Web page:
withdrawn and analyzed for the presence of abnormal cells. This may indicate that a cancer has begun to spread (metastasize). Closure Upon completion of any exploration or procedures, the organs and related structures are returned to their normal anatomical position. The incision may then be sutured (stitched closed). The layers of the abdominal wall are sutured in reverse order, and the skin incision closed with sutures or staples. Diagnosis/Preparation Various diagnostic tests may be performed to determine if exploratory laparotomy is necessary. Blood tests or imaging techniques such as x ray, computed tomography (CT) scan, and magnetic resonance imaging (MRI) are examples. The presence of intraperitoneal fluid (IF) may be an indication that exploratory laparotomy is necessary; one study indicated that IF was present in nearly three-quarters of patients with intraabdominal injuries. Directly preceding the surgical procedure, an intravenous (IV) line will be placed so that fluids and/or medications may be administered to the patient during and after surgery. A Foley catheter will be inserted into the bladder to drain urine. The patient will also meet with the anesthesiologist to go over details of the method of anesthesia to be used. Aftercare The patient will remain in the postoperative recovery room for several hours where his or her recovery can be closely monitored. Discharge from the hospital may occur in as little as one to two days after the procedure, but may be later if additional procedures were performed or complications were encountered. The patient will be instructed to watch for symptoms that may indicate infection, such as fever, redness or swelling around the incision, drainage, and worsening pain.


Risks Risks inherent to the use of general anesthesia include nausea, vomiting, sore throat, fatigue, headache, and muscle soreness; more rarely, blood pressure problems, allergic reaction, heart attack, or stroke may occur. Additional risks include bleeding, infection, injury to the abdominal organs or structures, or formation of adhesions (bands of scar tissue between organs). Morbidity and Mortality Rates The operative and postoperative complication rates associated with exploratory laparotomy vary according to the patient's condition and any additional procedures performed. Alternatives Laparoscopy is a relatively recent alternative to laparotomy that has many advantages. Also called minimally invasive surgery, laparoscopy is a surgical procedure in which a laparoscope (a thin, lighted tube) and other instruments are inserted into the abdomen through small incisions. The internal operating field may then be visualized on a video monitor that is connected to the scope. In some patients, the technique may be used for abdominal exploration in place of a laparotomy. Laparoscopy is associated with faster recovery times, shorter hospital stays, and smaller surgical scars.


During a laparotomy, and an incision is made into the patient's abdomen (A). Skin and connective tissue called fascia is divided (B). The lining of the abdominal cavity, the peritoneum, is cut, and any exploratory procedures are undertaken (C). To close the incision, the peritoneum, fascia, and skin are stitched (E). (Illustration by GGS Inc.)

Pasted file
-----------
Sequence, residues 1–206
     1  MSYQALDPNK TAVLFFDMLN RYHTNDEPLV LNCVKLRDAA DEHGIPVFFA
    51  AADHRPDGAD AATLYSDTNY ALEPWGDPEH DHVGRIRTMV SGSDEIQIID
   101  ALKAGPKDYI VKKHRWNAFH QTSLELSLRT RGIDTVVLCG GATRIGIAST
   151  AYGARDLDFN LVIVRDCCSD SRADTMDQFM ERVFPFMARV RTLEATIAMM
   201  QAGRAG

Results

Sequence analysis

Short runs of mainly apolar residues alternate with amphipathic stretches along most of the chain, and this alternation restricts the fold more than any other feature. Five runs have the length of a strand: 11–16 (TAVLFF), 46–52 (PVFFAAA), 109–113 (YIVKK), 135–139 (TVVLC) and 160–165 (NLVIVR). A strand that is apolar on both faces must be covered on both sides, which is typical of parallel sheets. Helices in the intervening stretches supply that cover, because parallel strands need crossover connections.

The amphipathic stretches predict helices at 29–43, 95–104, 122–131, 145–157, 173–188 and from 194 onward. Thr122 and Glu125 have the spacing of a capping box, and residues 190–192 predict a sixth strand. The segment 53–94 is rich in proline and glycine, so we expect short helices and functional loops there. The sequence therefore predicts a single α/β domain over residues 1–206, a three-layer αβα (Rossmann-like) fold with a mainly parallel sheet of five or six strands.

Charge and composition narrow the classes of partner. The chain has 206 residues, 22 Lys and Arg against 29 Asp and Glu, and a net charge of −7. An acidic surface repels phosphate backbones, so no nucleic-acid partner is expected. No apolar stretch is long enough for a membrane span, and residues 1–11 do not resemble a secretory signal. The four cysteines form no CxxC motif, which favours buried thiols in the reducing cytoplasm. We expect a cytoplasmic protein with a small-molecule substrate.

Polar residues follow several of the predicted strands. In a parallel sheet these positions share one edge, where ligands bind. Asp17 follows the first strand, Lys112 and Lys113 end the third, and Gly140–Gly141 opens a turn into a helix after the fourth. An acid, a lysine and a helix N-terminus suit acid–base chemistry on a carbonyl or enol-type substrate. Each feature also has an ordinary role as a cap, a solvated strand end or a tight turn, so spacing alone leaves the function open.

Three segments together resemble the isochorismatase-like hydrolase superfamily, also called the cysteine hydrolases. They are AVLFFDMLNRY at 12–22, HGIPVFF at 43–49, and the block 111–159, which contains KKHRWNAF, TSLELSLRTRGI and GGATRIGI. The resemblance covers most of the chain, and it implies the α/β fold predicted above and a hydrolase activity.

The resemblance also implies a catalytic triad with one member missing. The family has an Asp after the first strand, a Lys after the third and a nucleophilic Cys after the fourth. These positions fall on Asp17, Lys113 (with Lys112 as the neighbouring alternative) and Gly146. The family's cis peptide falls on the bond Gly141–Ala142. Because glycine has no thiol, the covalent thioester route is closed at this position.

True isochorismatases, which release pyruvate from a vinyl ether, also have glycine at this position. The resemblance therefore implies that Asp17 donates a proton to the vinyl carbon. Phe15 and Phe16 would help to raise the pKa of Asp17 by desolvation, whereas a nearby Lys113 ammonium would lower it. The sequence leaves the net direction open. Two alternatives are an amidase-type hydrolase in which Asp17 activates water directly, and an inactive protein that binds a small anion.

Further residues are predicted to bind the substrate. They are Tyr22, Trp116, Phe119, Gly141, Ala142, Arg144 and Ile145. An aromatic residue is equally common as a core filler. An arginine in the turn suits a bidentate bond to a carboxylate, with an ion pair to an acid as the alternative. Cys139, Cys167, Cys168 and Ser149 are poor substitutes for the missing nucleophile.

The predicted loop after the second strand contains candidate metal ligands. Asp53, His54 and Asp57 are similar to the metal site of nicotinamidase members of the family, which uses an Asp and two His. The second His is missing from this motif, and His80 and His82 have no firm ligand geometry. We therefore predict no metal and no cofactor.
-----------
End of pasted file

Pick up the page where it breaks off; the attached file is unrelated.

III Anatomy and Physiology

Large Intestine: . Its primary purpose is to extract water from feces. About 1.5 M (5 feet) long, it extends from the ileocecal valve to the anus. Major functions are to dry out the indigestible food residue by absorbing water & to eliminate these residues from the body as feces. It frames the small intestine on these sides & has the following subdivisions: cecum, appendix, colon, rectum & anal canal. Cecum The cecum (also spelled caecum), the first portion of the large bowel, situated in the lower right quadrant of the abdomen. The cecum receives fecal material from the small bowel (ileum) which opens into it. The appendix is attached to the cecum. The bottom of the cecum is a blind pouch (a cul de sac) leading nowhere.A pouch connected to the ascending colon of the large intestine and the ileum. It is separated from the ileum by the ileocecal valve (ICV) or Bauhin's valve, and is considered to be the beginning of the large


Appendix The appendix is a branch of the cecum, like the appendix, the cecum was once believed to have no function. The appendix is a small, finger-like appendage about 10 cm (4 in) long that is attached to the cecum just below the ileocecal valve. The appendix fills with food and empties regularly into the cecum. Because it empties inefficiently and its lumen is small, the appendix is prone to obstruction and is particularly vulnerable to infection. Ascending colon Smaller in caliber than the cecum, with which it is continuous.It passes upward, from its commencement at the cecum, opposite the colic valve, to the under surface of the right lobe of the liver, on the right of the gall-bladderyeo, where it is lodged in a shallow depression, the colic impression; here it bends abruptly forward and to the left, forming the right colic flexure (hepatic). Transverse Colon Longest and most movable part of the colon, passes with a downward convexity from the right hypochondrium region across the abdomen, opposite the confines of the epigastric and umbilical zones, into the left hypochondrium region, where it curves sharply on itself beneath the lower end of the spleen, forming the splenic or left colic flexure. The right colic flexure is adjacent to the liver. . Rectum The last 6 to 8 inches of the large intestine. The rectum stores solid waste until it leaves the body through the anus. Anus Termination of Rectum formed of spichnter which relaxes to allow fecal matter to pass through.